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Research article - Peer-reviewed, 2024

Adapting the grassland model BASGRA to simulate yield and nutritive value of whole-crop barley

Persson, Tomas; Hoglind, Mats; Wallsten, Johanna; Nadeau, Elisabet; Huang, Xiao; Rustas, Bengt -Ove

Abstract

Ensiling of whole-crop biomass of barley before full maturity is common practice in regions with a short growing season. The developmental stage of barley at harvest can have a large impact on yield and nutritive composition. The relationships between crop growth, environmental conditions and crop management can be described in process-based simulation models. Some models, including the Basic Grassland (BASGRA) model, have been developed to simulate the yield and nutritive value of forage grasses, and usually evaluated against metrics of relevance for whole-crop silage. The objectives of this study were to: i) modify the BASGRA model to simulate whole-crop spring barley; ii) evaluate the performance of this model against empirical data on dry matter (DM) yield and nutritive value attributes from field experiments, divided into geographical regions; and iii) evaluate DM yield, nutritive value and cutting date under current and future climate conditions for three locations in Sweden and four cutting regimes. Main model modifications included addition of a spike pool, equations for carbon (C) and nitrogen (N) allocation to the spike pool and equations for C and N translocation from vegetative plant parts to spikes. Model calibration and validation against field trial data from Sweden, including samples harvested from late anthesis stage to hard dough stage that were either pooled or divided into regions, showed better prediction accuracy, evaluated as normalised root mean squared error (RMSE), of neutral detergent fibre (NDF) (7.58-18.4%) than of DM yield (16.8-27.8%), crude protein (15.5-23.2%) or digestible organic matter in the DM (DOMD) (12.0-22.2%). Model prediction using weather data representing 1990-2020 and 2021-2040 climate conditions for three locations in Sweden (Skara, Umea, Uppsala) showed lower DM yield, earlier harvest and slightly higher NDF concentration on average (across locations and developmental stage at cutting) when using near-future climate data rather than historical data. The model can be used to evaluate whole-crop barley performance under production conditions in Sweden or in other countries with similar climate, soils and crop management regimes.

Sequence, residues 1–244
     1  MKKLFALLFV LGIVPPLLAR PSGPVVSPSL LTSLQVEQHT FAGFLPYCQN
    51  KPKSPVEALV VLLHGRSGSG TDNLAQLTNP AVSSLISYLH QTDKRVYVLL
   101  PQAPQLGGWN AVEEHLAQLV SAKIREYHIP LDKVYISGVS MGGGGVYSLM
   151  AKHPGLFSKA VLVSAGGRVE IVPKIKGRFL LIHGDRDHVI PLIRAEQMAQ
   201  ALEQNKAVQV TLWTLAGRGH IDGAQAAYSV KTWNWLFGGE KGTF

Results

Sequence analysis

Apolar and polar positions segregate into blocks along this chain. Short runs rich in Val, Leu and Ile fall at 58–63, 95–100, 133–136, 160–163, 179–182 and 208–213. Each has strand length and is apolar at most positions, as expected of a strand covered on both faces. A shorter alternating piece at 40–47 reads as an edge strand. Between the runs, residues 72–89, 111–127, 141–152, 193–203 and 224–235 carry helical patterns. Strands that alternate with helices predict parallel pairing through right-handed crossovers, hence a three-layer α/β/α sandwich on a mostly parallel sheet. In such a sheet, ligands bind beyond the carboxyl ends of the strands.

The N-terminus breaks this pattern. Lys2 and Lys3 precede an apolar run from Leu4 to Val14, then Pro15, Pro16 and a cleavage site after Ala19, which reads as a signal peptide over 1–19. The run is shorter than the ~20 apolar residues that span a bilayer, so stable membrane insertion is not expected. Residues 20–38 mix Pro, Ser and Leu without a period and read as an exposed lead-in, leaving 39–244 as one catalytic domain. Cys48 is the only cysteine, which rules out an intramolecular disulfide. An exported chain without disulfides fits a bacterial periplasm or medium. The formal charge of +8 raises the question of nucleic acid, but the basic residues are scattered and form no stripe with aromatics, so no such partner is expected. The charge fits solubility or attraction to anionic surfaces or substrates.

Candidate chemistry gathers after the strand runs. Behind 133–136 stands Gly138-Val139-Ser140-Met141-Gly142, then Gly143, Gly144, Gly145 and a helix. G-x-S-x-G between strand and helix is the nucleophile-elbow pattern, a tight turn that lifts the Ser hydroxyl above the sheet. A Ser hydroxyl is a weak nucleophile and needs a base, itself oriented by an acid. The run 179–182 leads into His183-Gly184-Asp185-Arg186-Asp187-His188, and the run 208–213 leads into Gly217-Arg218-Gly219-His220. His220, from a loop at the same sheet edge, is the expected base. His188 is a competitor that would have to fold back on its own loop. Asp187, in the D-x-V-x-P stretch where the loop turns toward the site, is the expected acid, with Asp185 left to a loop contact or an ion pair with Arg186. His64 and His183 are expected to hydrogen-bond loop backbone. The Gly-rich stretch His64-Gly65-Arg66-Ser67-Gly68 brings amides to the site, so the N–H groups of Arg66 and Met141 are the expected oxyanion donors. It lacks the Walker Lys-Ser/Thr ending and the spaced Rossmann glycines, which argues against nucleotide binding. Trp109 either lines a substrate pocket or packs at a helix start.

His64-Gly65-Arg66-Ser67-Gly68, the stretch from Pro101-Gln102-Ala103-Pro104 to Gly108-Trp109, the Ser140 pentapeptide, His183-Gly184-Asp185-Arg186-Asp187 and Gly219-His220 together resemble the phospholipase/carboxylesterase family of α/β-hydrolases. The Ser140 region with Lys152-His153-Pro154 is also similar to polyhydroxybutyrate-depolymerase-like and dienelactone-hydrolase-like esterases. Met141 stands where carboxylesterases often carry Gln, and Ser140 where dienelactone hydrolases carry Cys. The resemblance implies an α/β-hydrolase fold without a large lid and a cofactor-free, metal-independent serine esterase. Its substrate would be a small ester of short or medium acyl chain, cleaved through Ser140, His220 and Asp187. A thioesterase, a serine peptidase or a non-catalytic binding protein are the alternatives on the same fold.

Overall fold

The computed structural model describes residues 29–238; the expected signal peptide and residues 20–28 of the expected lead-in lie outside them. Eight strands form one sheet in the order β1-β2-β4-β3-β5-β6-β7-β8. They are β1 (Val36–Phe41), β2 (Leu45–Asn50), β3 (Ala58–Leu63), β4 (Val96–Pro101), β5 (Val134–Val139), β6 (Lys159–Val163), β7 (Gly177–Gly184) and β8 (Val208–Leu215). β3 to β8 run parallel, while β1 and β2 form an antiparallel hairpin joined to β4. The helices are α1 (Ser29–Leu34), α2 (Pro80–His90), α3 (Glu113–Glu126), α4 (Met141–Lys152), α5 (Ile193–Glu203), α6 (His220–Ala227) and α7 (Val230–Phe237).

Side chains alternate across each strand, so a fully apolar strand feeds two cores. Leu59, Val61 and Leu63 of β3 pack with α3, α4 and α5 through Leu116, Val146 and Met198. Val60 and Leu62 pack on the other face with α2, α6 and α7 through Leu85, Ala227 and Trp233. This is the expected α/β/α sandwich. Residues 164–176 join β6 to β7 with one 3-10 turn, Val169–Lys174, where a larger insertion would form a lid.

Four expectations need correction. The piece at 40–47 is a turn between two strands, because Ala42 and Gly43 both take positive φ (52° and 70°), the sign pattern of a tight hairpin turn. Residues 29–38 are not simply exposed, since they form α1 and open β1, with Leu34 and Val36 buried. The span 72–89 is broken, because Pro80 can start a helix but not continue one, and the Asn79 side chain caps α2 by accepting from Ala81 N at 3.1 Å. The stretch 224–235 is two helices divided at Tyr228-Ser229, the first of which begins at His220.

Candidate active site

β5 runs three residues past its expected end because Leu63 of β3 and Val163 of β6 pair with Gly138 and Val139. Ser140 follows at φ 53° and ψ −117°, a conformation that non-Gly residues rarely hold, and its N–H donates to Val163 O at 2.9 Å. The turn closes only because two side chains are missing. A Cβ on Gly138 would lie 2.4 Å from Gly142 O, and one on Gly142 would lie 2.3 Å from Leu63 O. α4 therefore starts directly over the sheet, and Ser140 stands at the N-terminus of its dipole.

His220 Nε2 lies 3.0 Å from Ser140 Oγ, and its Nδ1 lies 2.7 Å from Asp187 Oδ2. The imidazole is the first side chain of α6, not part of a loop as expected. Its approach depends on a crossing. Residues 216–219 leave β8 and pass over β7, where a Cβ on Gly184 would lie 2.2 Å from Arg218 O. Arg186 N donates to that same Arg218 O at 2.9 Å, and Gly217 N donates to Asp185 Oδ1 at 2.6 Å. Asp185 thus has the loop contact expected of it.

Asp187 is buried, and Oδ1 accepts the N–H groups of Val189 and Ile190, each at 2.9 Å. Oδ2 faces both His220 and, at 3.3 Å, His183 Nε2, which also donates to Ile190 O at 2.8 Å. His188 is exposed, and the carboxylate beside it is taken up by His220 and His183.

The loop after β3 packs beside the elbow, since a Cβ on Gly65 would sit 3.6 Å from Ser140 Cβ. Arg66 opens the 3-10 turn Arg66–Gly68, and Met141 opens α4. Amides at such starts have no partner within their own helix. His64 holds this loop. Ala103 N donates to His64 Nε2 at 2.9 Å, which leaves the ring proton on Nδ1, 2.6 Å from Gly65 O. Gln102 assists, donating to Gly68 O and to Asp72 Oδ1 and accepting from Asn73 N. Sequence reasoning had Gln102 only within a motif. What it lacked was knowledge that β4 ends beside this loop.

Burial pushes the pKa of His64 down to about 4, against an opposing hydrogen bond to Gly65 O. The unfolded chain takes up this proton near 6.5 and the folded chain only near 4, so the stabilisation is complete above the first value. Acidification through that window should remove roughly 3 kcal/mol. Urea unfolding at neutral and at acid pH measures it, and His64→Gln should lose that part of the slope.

Keywords

Climate change; Crude protein; Digestibility; Fibre; Process-based model; Silage

Published in

European Journal of Agronomy
2024, Volume: 154, article number: 127075